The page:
Chapter 1.docx - Chapter 1 Child Development understanding...

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Chapter 1 Child Development – understanding constancy and change from conception to adolescence Part of a larger field: Developmental Science – all the changes we experiences throughout our lifespan (Broad) 3 Domains of Development are: Physical, cognitive, emotional and social (they are not really distinct, but rather overlap and interact.) Physical Development : Changes in body size, proportions, appearance, body functions, motor capabilities and physical healthy Cognitive Development : Changes in learning abilities (attention and memory), academic and everyday knowledge, problem solving, imagination, creativity and language Emotional and Social Development: Changes in emotional communication, self-understanding, knowing other people, interpersonal skills, friendship/intimate relationships, and moral reasoning and behavior Periods of Development: The prenatal period: from conception to birth: the most rapid period of change, this nine month period a one-celled organism forms a human baby who is has the capability to adjust to life outside the womb Infancy and toddlerhood: from birth to 2 years: dramatic changes in the body and brain that support motor, perceptual and intellectual abilities. Language begins and first intimate ties. Infancy is the first year, toddlerhood is the second(first independent steps taken.) Early childhood: from 2 to 6 years: The body becomes stronger, more refined motor skills, more self control and self sufficiency. Imagination begins, supporting psychological development. Thought and language expand drastically, and sense of morality is apparent. Ties with peers are established. Middle childhood: from 6 to 11 years: children learn about the bigger world and master new responsibilities (resembling those they will perform as adults.) Improved athletics, participation in organized games with rules, more logical thought processes, academic knowledge and skills (reading and writing) and advances in understanding the self, morality, and friendship. Adolescence: from 11 to 18 years: the transition to adulthood. Puberty leads to an adult sized body and sexual maturity. Abstract thought, idealistic and school is increased to prepare for higher education and the working world. Being to establish autonomy from the family and define personal values and goals.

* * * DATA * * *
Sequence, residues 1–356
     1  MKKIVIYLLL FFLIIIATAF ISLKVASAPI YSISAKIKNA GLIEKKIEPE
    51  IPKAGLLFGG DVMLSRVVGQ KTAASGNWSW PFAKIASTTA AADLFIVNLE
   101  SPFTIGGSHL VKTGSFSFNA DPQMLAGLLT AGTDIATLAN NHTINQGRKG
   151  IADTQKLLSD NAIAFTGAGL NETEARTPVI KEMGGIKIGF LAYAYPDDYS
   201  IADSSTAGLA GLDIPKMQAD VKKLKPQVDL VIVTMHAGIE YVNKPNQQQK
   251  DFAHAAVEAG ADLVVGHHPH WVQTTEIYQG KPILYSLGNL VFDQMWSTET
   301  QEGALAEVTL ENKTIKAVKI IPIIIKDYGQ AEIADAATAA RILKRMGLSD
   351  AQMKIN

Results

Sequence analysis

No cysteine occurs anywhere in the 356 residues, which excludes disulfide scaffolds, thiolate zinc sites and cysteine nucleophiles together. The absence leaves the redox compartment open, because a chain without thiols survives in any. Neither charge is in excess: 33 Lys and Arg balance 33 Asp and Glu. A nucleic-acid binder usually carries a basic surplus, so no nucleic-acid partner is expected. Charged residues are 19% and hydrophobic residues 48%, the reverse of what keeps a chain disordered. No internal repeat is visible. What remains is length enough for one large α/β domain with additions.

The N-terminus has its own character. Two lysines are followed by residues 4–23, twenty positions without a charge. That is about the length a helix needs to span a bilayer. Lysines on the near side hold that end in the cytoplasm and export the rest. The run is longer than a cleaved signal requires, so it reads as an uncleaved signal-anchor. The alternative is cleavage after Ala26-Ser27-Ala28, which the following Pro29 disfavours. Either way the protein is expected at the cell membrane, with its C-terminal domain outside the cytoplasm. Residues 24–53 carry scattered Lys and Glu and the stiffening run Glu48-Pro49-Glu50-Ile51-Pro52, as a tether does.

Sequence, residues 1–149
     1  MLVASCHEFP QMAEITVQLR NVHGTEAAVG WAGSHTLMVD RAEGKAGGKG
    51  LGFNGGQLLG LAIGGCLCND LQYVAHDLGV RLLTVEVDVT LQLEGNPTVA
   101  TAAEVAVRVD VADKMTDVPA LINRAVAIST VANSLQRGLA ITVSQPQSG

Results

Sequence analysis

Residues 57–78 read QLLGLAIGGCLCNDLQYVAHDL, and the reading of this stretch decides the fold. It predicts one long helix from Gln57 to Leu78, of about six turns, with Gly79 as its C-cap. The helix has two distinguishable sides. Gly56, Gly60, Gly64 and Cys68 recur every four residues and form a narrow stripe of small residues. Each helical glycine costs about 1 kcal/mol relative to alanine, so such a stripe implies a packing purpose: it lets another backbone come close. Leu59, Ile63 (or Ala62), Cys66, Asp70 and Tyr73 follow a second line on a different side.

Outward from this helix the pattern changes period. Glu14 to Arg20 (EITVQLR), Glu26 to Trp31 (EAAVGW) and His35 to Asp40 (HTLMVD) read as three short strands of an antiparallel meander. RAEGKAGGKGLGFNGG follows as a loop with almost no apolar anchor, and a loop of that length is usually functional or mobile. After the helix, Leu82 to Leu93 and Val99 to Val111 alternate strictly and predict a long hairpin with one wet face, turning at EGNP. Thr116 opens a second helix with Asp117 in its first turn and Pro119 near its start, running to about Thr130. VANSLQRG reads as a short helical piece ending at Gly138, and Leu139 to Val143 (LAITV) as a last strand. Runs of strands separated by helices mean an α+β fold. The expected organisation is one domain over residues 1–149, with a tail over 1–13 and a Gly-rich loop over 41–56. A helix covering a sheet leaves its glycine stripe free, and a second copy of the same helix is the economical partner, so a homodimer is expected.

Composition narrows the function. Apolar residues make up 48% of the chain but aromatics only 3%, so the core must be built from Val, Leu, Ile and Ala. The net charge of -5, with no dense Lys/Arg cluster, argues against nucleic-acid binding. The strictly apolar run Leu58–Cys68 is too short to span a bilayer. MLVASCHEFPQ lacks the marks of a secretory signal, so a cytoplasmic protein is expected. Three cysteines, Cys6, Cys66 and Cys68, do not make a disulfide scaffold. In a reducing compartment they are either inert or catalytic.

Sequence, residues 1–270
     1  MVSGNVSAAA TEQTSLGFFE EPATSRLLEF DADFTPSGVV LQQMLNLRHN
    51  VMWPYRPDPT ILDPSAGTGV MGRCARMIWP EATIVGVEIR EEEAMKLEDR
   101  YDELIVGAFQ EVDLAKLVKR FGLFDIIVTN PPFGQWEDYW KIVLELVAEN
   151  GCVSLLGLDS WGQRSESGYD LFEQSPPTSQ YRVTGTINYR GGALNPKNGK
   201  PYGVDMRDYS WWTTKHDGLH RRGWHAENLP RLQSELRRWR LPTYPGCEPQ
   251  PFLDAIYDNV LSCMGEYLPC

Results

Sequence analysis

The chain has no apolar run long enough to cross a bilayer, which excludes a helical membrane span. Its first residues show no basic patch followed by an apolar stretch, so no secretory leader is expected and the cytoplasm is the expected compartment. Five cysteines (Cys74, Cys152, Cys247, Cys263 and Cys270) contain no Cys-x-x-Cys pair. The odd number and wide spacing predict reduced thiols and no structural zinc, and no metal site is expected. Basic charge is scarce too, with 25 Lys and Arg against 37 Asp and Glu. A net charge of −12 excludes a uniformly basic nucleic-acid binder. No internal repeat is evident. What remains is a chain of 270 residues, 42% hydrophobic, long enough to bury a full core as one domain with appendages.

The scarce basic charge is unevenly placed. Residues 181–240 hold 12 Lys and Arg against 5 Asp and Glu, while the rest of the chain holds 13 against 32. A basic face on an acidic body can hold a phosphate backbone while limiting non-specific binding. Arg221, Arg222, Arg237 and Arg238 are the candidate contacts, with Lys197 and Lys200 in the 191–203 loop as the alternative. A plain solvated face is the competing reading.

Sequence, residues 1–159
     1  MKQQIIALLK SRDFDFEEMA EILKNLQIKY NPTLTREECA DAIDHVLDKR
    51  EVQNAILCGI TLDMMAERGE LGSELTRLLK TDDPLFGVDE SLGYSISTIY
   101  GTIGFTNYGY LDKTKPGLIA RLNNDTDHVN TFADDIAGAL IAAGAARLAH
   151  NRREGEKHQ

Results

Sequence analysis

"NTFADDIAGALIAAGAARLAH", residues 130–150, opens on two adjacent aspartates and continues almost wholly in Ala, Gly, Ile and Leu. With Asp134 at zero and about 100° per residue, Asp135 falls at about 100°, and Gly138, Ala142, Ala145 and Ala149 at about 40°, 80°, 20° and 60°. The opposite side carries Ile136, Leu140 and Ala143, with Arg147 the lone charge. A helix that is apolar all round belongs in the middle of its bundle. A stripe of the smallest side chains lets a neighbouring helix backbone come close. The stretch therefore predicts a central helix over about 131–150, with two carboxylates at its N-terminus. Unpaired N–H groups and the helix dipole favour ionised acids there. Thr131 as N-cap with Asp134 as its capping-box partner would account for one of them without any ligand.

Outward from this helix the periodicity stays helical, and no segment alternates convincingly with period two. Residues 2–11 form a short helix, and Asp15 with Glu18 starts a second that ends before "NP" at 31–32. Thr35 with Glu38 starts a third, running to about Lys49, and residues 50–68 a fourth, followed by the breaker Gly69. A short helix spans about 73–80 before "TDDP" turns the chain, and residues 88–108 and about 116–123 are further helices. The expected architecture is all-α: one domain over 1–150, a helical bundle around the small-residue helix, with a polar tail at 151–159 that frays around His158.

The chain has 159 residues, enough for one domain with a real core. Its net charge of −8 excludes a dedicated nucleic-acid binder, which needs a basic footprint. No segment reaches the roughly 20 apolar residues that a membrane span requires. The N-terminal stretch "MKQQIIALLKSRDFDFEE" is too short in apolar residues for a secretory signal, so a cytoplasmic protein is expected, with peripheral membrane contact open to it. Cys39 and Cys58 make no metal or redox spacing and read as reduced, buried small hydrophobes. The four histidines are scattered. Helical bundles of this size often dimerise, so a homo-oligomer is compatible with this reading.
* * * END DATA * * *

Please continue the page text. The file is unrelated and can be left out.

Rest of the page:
Basic Issues Theory: An orderly, integrated set of statements that describes, explains, and predicts behavior. Theories are vital tools for two reasons: provide an organizing framework for observations of children; they guide and give meaning to what we see. Second, theories that are verified by research are often a sound basis for practical action. Once a theory helps us understand development, we are in a better position to know how to improve the welfare and treatment of children.

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